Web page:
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25,000 UK students to visit India

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25,000 UK students to visit India

The Minister for Universities, Science and Cities, Greg Clark has launched a new UK-wide campaign to support 25,000 UK students visit India over the next five years.

The campaign, ‘Generation UK-India', aims to create a new generation of more globally, culturally and business aware young people, and will be managed by the British Council. Underlining the UK Government and universities' ongoing commitment to promoting international opportunities to students across the UK, Generation UK-India will provide opportunities for UK students to either work as teaching assistants in Indian schools, gain work experience at top Indian companies, or go on specially organised cultural immersion courses.

The first Generation UK-India placements will begin in summer 2015.

Speaking at the Federation of Indian Chambers of Commerce & Industry HE summit in Delhi, Greg Clark said, "It's great news that over the next five years up to 25,000 young people will get to experience student and working life India. This programme will help create a more globally competitive UK workforce and will help future proof the UK-India relationship."

Prof. Furqan Qamar, Secretary General, Association of Indian Universities, said, "Student Mobility programmes, such as the newly launched Generation UK- India, support internationalisation agenda of Indian universities aimed at promoting excellence and building deeper understanding of cultures between Indian and UK students."

The British Council is in discussions with businesses such as KPMG and BP, who have expressed interest in supporting the scheme.

Lord Bilimoria, Founding Chairman of the UK-India Business Council, and a programme champion of Generation UK-India commented "The world is getting more integrated, more inter-connected, more interdependent. And in that sort of a world you've got to be open minded, world aware, outward looking. Britain has always been a trading nation. Britain has always been an open nation; Britain is one of the most open economies in the world. So we need our students to go out, and experience the world and experience countries like India. That's going to help our students better themselves, become more competitive and give them a huge advantage in life, which gives Britain a huge advantage.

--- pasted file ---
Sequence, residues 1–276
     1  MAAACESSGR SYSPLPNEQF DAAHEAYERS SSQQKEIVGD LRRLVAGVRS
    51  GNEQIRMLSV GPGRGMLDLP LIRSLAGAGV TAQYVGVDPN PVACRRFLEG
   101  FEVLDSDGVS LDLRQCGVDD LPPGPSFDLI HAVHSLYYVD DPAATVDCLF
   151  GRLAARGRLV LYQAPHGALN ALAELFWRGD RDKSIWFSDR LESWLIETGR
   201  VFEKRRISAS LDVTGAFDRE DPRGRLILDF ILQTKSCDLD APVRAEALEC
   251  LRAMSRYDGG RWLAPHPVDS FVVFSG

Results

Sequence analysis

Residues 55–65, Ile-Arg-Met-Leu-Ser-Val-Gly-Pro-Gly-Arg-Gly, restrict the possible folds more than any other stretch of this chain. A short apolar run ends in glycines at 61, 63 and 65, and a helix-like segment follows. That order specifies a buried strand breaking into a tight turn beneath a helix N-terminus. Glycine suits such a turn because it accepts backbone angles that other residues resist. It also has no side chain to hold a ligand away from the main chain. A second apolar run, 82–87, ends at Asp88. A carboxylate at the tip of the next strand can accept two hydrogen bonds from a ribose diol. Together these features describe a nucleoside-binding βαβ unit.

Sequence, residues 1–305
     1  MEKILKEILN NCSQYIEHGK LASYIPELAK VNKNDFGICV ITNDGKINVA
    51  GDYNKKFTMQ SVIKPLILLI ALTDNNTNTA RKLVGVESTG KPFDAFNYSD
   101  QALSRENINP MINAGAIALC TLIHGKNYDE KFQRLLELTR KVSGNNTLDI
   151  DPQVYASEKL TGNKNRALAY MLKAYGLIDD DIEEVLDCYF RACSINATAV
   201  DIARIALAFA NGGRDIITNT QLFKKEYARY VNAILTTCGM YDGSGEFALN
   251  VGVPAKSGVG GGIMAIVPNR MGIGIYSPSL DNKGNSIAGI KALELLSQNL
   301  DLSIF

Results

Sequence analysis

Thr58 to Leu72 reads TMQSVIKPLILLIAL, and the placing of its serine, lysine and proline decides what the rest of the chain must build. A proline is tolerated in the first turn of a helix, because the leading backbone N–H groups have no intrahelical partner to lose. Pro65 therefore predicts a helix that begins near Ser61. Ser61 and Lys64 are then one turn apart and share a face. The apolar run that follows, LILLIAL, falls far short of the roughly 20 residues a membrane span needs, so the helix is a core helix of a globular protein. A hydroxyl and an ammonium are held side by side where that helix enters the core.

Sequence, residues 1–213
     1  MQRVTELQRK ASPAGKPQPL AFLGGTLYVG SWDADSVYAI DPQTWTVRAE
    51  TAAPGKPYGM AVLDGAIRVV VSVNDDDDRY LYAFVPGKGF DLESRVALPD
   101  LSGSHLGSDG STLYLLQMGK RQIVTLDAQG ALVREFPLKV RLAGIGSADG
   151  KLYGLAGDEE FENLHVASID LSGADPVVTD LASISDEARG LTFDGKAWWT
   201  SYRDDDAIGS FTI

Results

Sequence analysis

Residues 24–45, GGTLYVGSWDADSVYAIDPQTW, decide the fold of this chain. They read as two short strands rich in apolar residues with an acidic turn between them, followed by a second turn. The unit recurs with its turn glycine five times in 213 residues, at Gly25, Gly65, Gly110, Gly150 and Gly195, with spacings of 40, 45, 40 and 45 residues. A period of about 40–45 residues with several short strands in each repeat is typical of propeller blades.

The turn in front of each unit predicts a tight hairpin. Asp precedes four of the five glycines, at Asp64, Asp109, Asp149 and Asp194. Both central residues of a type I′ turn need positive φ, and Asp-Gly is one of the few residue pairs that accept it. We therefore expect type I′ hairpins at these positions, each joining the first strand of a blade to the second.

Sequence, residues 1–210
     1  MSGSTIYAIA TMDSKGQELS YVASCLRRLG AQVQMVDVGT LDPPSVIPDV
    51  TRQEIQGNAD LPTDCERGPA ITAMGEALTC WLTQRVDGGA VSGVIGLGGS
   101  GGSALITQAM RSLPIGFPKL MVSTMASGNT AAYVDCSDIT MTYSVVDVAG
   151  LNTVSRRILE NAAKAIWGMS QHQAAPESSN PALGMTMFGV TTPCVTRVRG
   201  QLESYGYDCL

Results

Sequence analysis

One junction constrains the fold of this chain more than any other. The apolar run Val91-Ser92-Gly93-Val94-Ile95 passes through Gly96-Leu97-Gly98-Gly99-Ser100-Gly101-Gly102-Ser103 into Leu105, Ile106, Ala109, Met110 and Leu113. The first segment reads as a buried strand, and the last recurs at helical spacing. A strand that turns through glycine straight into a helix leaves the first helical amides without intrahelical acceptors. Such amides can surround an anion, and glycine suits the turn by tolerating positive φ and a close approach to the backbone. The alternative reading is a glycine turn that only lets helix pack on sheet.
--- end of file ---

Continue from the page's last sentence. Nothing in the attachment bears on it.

"For a youngster from the UK to go to India is a transformational experience, it's an eye-opening experience to actually on the ground witness, experience India's buzz, energy and economy going forward in leaps and bounds with all its challenges is a life changing experience for a young person from Britain" Lord Bilimoria added.

Rob Lynes, Director of the British Council in India, said "Student mobility is a proven means of building long-lasting ties between nations, but currently the UK welcomes around 300 Indian students for every British student going to India. That imbalance needs to be addressed. India is poised to be the third largest economy in the world, and we want to give many more young British people the chance to get a better experience of modern India, and the opportunity to gain a more global mindset."

The CBI/Pearson 2014 Education and Skills survey found that almost two-thirds (63%) of UK employers were not satisfied with school or college leavers' international cultural awareness. Simon Moore, the CBI's International Director, said "The CBI is honoured to support the British Council's exciting new ‘Generation UK-India' project which is aimed at building the next generation of British talent through UK-India business partnerships. I hope that our member companies will also get involved in this worthy initiative."

In August 2014, 200 UK students took part in a two-week cultural immersion course in India, organised by the UKIERI Study India programme. Tom Wyke, 22, a History student from Queen Mary University of London, said "This programme really allows you to open the door into India in a very unique manner, something you can't get by backpacking. It helps you to understand a little bit of the culture and get a feel for why it's such a diverse and special place."

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